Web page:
Collier's New Encyclopedia (1921)/Tunnel

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TUNNEL, in engineering, a horizontal or slightly inclined gallery beneath the surface of the ground; generally used for an aqueduct or for the passage of a railway, roadway, or canal. In the construction of railroads it is frequently necessary to pierce the hills, so as to preserve a line of road as nearly level as practicable. The method of proceeding with tunneling depends mainly upon the kind of material to be excavated. This having been generally ascertained by borings and trial shafts, the work is commenced by sinking the working shafts, which must be sufficiently capacious to admit readily of lowering men and materials, raising the material excavated, fixing pumps, and also for starting the heading of the intended tunnel when the required depth is reached. Besides the trial and working shafts, air shafts are sunk for the purpose of effecting ventilation in the works below. Tunnels when not driven through solid rock have usually an arched roof, and are lined with brickwork or masonry. In mining, a level passage driven across the measures or at right angles to the veins which it is its object to reach. Thus distinguished from the drift or gangway which is led along the vein when reached by the tunnel.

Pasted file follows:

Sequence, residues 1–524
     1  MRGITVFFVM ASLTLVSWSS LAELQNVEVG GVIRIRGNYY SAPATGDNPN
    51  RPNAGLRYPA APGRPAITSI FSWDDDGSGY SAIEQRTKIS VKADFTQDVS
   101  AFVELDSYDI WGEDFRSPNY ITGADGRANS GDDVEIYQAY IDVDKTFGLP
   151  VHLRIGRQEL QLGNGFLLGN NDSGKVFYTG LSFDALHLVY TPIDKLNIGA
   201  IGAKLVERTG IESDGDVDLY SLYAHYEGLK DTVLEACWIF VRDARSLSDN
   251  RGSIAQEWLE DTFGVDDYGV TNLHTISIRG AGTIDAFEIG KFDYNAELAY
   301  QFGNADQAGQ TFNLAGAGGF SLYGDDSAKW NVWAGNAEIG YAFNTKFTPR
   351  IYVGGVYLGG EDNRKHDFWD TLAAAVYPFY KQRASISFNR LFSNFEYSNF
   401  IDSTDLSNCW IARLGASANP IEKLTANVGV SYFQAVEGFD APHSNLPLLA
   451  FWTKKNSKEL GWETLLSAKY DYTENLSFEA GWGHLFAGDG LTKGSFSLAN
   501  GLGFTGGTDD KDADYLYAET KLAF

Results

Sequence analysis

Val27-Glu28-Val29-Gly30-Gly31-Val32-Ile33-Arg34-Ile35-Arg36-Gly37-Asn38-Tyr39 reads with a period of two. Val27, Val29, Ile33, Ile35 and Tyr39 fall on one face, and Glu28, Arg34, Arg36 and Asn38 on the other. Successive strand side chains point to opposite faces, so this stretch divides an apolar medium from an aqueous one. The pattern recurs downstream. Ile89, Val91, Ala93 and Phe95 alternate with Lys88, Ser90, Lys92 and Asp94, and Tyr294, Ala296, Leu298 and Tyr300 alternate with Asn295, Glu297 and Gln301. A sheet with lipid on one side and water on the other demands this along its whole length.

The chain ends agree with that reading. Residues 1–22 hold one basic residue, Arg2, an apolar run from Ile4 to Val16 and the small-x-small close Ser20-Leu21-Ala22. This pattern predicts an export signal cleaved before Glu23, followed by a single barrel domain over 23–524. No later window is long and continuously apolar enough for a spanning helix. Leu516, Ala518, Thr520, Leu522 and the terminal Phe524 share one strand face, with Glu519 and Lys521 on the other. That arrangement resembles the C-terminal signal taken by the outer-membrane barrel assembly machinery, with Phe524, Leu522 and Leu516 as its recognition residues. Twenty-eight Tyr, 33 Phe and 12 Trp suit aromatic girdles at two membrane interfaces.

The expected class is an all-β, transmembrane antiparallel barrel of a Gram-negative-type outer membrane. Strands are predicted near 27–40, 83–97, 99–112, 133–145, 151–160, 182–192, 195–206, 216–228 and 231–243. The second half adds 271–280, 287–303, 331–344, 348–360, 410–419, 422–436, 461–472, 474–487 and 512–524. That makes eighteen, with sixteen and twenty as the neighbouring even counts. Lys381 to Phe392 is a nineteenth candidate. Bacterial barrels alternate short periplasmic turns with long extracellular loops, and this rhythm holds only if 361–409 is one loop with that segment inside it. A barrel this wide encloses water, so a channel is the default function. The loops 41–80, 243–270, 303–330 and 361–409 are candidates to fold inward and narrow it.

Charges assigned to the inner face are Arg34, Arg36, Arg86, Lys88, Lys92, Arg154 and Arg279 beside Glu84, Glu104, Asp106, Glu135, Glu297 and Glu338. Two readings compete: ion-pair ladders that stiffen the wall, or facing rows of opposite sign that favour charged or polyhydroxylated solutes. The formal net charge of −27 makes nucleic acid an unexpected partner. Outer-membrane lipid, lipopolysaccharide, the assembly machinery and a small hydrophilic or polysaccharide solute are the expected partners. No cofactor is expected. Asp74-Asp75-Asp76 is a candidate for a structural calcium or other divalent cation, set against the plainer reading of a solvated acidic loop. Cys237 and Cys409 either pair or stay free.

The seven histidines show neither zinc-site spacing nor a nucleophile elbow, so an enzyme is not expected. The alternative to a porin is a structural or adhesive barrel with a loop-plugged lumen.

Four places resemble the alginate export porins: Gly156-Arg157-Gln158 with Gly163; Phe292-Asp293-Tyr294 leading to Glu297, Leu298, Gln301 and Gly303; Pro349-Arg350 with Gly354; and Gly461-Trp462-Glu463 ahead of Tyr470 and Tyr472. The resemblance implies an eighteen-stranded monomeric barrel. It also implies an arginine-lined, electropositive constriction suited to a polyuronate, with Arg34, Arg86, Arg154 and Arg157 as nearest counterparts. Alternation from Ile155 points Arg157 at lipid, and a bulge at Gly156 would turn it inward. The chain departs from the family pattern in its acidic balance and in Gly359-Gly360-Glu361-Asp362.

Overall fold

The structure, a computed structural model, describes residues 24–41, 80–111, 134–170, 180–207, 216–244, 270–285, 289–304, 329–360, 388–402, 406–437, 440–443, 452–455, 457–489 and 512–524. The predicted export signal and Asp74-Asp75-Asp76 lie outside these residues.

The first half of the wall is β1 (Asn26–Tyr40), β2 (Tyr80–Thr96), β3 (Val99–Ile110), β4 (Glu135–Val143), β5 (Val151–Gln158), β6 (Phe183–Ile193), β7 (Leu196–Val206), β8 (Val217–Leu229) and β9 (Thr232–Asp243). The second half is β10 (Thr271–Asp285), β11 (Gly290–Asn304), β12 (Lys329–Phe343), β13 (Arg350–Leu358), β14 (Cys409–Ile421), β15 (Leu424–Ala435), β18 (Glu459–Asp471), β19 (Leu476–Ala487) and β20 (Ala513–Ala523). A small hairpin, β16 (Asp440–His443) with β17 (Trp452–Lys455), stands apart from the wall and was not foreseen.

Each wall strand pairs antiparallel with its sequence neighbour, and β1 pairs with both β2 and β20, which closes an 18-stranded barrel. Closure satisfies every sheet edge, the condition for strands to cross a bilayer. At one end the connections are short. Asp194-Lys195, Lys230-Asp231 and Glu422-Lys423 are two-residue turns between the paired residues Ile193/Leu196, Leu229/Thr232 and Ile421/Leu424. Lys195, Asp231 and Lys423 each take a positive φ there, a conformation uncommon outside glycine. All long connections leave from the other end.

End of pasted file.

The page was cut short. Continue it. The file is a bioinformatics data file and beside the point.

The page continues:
The Great Divide Tunnel.—A notable engineering feat was accomplished in 1893 in the completion of the boring of the Busk-Ivanhoe railway tunnel under the continental divide of the Rocky Mountains at Hagerman Pass, Col. The tunnel is almost two miles long—9,393 feet—and is through solid gray granite. It took three years and 20 days, of 20 hours' work each day, to make the excavation. It is 10,800 feet above sea-level, through the top ridge of the continent. The water draining from the one side of the mountain, under which it is driven, runs to the Atlantic Ocean, and from the other to the Pacific. Its construction cost $1,000,000 and 20 human lives. The tunnel substitutes two miles of track for 10 and does away with one of the most expensive railway climbs in the world. Among more recent tunnels are those under the Hudson and East rivers in New York City.